The One with the Impact of Chloroform

Ambrose Parry, The Way of All Flesh (2018)

Annie from A Bookish Type steered me towards this historical mystery and I’m glad I took her advice. I’m a sucker for good period pieces with good research interwoven with a good story. The Way of All Flesh checks all most boxes (you know I’m picky).

The setting is 1847 Edinburgh, and by my book it’s already a good point: you might already know that I can’t resist a good Scottish mystery, especially after we visited the city a few years ago. Edinburgh really comes alive in its different neighborhoods, with a stark contrast between the seedy, gloomy, disease- and poverty-ridden Old Town, and the posh, clean and safe New Town.

The mystery takes place among doctors, especially obstetricians and surgeons, and it was quite fascinating to learn how operations and childbirth played out at this time. It was quite risky (this much I knew), but without anesthesia it was also a gore and terrifying show. Surgeons operated in front of an audience of young medical students while poor patients were aware of every single thing done to them. I was also very interested to learn about the search for the right product to desensitize patients and women in labor, and how doctors experimented products on themselves (with all the risks involved!). I had never heard of the famous obstetrician Sir James Young Simpson, and I’m glad that he’s more than a passing cameo in this book, as the main character is actually an apprentice at his practice.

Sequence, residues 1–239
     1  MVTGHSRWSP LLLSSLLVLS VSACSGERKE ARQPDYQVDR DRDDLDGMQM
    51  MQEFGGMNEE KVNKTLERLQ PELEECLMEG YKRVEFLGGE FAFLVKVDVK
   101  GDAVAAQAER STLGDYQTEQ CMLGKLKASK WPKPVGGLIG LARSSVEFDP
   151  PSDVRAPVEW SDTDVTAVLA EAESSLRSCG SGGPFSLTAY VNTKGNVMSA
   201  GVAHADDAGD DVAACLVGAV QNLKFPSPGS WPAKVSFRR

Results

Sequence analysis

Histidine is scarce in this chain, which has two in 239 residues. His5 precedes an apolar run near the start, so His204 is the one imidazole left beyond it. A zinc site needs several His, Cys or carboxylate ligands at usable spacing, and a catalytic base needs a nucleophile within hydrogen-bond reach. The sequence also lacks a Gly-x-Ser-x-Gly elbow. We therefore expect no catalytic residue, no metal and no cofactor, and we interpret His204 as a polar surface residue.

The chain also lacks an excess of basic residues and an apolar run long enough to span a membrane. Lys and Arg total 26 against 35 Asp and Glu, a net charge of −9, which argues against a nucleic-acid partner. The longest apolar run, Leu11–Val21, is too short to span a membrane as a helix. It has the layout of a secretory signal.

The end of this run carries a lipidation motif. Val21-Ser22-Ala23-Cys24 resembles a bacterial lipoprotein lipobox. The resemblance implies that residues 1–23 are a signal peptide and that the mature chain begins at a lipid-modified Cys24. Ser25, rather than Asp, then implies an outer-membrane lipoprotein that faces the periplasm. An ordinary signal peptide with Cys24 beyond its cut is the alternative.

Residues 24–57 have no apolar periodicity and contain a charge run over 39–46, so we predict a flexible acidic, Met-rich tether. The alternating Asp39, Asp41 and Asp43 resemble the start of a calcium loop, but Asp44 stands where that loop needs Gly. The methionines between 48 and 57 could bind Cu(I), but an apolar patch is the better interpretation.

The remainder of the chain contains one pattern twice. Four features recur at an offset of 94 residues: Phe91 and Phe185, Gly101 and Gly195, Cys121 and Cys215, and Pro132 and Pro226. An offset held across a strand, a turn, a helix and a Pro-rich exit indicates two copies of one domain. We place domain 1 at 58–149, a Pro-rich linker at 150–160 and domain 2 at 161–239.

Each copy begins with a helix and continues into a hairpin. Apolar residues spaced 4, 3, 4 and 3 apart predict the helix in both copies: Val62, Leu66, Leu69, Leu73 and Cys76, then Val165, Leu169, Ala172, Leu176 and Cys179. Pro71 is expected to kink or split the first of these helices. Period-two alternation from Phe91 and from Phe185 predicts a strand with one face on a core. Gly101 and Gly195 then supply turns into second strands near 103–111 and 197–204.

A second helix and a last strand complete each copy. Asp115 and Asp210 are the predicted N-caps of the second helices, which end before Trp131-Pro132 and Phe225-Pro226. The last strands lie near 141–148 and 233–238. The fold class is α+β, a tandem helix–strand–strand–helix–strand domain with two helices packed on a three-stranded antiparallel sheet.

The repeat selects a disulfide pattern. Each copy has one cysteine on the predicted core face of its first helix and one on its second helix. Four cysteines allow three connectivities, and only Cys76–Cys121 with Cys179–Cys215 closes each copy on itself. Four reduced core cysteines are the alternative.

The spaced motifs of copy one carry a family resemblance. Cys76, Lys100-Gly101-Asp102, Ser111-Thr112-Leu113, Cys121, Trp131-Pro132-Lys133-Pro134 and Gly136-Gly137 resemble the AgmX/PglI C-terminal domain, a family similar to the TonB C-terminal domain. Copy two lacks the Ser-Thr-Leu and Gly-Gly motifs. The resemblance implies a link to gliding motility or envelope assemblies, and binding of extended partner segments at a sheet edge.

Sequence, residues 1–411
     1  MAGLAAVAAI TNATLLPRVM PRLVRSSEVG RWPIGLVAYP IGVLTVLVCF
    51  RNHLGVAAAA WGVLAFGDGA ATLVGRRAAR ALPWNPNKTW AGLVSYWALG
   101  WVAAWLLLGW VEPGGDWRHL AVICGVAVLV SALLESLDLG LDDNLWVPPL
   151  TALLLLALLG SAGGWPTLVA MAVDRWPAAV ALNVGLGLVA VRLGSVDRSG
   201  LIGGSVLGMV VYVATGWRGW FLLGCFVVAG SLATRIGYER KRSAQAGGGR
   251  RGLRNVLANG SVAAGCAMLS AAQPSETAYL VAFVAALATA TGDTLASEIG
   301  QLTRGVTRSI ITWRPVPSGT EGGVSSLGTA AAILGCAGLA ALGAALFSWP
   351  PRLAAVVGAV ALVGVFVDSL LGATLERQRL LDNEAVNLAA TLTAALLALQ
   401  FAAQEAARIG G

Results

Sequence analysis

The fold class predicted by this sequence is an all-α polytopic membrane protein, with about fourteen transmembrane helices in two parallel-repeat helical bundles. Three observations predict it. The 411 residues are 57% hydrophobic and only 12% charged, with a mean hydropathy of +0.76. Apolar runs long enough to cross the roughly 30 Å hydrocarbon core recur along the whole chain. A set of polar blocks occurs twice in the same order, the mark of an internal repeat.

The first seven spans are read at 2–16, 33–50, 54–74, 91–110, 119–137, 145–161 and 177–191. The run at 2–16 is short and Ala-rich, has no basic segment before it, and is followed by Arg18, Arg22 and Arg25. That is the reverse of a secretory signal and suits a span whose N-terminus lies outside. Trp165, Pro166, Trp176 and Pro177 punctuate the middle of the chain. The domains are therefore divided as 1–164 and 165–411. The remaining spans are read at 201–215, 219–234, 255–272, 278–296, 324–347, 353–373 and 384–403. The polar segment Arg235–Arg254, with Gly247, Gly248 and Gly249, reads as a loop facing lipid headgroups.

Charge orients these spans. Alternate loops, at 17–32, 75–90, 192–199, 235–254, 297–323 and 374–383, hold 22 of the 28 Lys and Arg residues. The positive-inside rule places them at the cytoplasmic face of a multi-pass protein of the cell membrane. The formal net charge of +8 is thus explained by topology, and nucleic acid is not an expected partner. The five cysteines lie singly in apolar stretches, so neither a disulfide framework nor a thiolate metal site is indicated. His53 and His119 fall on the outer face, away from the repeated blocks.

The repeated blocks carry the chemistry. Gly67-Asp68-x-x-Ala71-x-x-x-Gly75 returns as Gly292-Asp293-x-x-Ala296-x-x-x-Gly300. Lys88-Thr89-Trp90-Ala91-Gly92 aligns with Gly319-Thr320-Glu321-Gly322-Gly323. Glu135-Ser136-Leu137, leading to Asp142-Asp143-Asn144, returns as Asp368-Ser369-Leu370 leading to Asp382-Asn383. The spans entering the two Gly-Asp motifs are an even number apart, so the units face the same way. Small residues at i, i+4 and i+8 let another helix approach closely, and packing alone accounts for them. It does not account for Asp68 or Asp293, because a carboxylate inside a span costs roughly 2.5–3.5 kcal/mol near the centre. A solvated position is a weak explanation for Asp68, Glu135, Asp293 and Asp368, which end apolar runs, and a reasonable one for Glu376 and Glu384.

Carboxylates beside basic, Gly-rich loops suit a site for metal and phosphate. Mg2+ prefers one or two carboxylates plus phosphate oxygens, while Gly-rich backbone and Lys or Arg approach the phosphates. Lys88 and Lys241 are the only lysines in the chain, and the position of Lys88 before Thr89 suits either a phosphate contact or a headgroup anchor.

My only reservations are for the female main character, Sarah, a housemaid who is eager to learn science and medicine, and is angry at the limitation of her gender and station. She is one of these characters who seems to have a 21st century brain stuck in a 19th century body. It’s actually one of my pet peeves, but luckily the other fine qualities of the story, pace and background far outweigh this little flaw. I understand that this is meant to be the first book in a series, and I’d gladly read the next adventure.

An interesting tidbit is that Ambrose Parry is actually a couple who write together: Chris Brookmyre, a writer of thrillers and his wife, Marisa Haetzman, who worked as an anaesthetist. No wonder that the research is so accurate!

I received a free copy of this book from the publisher via NetGalley, for review consideration.

One thought on “The One with the Impact of Chloroform

  1. Pingback: The One with Dickens and Mates | Smithereens

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